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1 November 2003 Effects of Vomeronasal Organ Removal on the Sperm Motility in Male Mice
Sachiko Koyama, Shinji Kamimura
Author Affiliations +

Odors play important roles in the communication of house mice. They release behaviors and prime changes of the physiological conditions of other individuals. In our previous study, we showed that sperm motility was lowered in the subordinate mice comparing with dominant mice. Our hypothesis is that the lowered sperm motility was due to some primer effects by odor substances derived from dominant mice. To test the hypothesis, we destroyed the vomeronasal organ (VNO) of male mice (VNX male) at 5 weeks of age and paired them with intact male mice (Experimental Group). As control group males, intact male mice were kept in pairs (Control Group). At 15 weeks of age, the sperm motility and weights of reproductive organs, and social dominance was analyzed. The subordinate VNX males were found to have high sperm motility comparable to the dominant males. It was suggested that there is male-to-male primer effects, mediated by VNO, that suppress sperm motility of the subordinate mice.


Pheromone plays important roles in mammalian communications. It releases behavior and primes the physiological changes of other conspecific individuals (Vandenbergh, 1994). Studies on primer effects in male mice have been mainly investigated the hormonal changes of males triggered by female odors but only a few studies have been reported on the influence on sperm so far. For examples of the primer effects on hormones, it is known that female odors stimulate the release of LH (Maruniak and Bronson, 1976) and increase the level of plasma testosterone concentration (Barnard et al., 1997) in male mice. As for the primer effects on sperm, stimuli by female odors have been found to increase sperm density (Koyama and Kamimura, 2000) and the odors of adult males given to premature males are known to cause morphological abnormalities of spermatozoa (Aref'ev et al., 1986).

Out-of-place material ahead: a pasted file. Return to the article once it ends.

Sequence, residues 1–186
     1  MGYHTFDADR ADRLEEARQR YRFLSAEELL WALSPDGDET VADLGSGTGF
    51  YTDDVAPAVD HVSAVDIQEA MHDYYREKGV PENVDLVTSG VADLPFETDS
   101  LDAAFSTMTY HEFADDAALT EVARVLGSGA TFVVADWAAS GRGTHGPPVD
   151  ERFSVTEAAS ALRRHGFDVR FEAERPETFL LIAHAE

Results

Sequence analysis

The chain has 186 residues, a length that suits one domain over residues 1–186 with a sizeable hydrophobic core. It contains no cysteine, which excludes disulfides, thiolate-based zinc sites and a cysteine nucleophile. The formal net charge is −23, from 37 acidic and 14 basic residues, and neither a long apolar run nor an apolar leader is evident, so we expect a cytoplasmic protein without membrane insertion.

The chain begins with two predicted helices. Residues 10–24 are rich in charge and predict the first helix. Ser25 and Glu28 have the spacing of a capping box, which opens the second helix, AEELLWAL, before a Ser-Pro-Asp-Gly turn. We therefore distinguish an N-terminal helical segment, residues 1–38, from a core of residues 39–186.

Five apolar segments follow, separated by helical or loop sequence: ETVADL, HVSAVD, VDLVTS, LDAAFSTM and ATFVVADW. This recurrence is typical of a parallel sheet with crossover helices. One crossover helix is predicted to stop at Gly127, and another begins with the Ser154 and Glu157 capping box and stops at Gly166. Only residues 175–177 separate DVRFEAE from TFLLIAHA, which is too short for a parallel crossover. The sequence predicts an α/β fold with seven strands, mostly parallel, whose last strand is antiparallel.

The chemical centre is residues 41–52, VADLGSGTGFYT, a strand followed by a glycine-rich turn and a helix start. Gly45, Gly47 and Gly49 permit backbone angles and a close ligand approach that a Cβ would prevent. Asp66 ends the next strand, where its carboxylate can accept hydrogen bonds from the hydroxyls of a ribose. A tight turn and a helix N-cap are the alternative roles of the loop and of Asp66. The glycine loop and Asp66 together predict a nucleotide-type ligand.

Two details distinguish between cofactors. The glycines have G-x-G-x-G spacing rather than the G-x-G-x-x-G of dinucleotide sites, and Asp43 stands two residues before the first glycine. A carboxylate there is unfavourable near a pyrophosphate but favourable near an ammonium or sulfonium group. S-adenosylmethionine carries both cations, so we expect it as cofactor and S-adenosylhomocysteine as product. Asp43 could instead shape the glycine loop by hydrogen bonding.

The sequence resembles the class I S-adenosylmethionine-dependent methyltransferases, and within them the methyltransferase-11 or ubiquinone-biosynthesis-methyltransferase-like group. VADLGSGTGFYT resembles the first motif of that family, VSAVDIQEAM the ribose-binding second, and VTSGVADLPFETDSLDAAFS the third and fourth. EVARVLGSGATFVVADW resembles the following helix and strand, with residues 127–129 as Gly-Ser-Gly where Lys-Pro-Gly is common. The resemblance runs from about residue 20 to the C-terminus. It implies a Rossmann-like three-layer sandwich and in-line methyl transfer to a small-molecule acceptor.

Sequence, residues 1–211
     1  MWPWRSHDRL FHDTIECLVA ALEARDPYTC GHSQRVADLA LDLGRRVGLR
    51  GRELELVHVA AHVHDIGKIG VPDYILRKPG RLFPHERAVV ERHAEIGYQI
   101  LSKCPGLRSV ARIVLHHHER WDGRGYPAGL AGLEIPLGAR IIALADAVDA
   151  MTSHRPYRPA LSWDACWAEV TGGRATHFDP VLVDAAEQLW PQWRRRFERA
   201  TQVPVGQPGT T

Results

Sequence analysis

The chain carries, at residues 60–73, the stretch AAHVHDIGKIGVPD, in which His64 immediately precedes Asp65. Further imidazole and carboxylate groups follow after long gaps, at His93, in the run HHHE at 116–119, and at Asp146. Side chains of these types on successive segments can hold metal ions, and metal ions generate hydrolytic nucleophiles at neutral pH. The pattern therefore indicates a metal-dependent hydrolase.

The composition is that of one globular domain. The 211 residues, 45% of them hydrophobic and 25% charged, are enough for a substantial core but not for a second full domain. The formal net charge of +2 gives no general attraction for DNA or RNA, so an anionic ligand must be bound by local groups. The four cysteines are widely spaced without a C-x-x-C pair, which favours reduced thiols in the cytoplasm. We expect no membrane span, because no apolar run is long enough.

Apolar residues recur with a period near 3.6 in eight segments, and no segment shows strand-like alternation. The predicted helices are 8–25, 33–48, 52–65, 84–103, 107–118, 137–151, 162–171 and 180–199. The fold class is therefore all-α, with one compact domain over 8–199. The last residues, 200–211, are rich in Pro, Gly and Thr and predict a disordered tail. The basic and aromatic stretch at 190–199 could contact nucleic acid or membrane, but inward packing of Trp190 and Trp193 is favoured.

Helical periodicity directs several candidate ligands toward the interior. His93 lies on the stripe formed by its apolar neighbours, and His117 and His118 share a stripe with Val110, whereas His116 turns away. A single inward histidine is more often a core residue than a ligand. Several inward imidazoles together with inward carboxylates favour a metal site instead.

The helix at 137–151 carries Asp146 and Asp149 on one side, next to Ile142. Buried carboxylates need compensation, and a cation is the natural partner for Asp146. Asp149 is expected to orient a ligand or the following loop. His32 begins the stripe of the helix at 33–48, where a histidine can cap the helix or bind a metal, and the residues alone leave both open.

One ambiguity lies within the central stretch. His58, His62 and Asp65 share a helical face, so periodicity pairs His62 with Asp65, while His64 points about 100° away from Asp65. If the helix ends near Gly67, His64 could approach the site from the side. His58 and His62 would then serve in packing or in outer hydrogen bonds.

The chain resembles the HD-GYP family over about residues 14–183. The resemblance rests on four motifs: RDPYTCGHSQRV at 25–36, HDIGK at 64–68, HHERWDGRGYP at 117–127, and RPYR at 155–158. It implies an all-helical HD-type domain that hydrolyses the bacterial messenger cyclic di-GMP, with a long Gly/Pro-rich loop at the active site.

In a recent study of ours, we showed that the sperm motility of the dominant male mice is higher than the subordinates (Koyama and Kamimura, 1999). To explain the phenomenon, the following three hypotheses can be postulated: that is, inborn differences, stress effects on subordinates, or primer effect due to the pheromone by dominants. In our previous papers, we showed that male mice isolated after weaning had significantly higher sperm motility than subordinates (Koyama and Kamimura, 1999), and the variance of sperm motility among individual mice was small in puberty and became larger in full adulthood (Koyama and Kamimura, 2003). These studies suggested that the difference of sperm motility was not due to their inborn characteristics, but some environmental factors would have worked after puberty. Since plasma corticosterone concentration did not differ between the dominants and subordinates (Koyama and Kamimura, 2000), stress given to subordinates would be small. To test the remaining hypothesis of the primer effect, we removed the vomeronasal organ (VNX treatment) and kept these VNX male mice with intact males in the present study. Sperm motility was investigated in the pairs where clear social dominance was observed and VNX males became subordinate.


Animals and housing conditions

ddY male mice were kept in male-male pairs since 4 weeks of age. Throughout the study, mice were kept on 12:12 hr L:D cycle (lights were on from 08:00 till 20:00). Food (MF, Oriental Yeast Co., Ltd., Tokyo, Japan) and water were provided ad libitum. A special type of bedding (Petline, Co., Tokyo, Japan) made of paper, which has high capacity to soak up water, was used to avoid exchanging the bedding throughout the experiment in order to keep the odor environment stable. Room temperature was ranged from 15 to 28°C. These housing conditions were within the institutional guideline on keeping laboratory animals.

Vomeronasalectomy treatment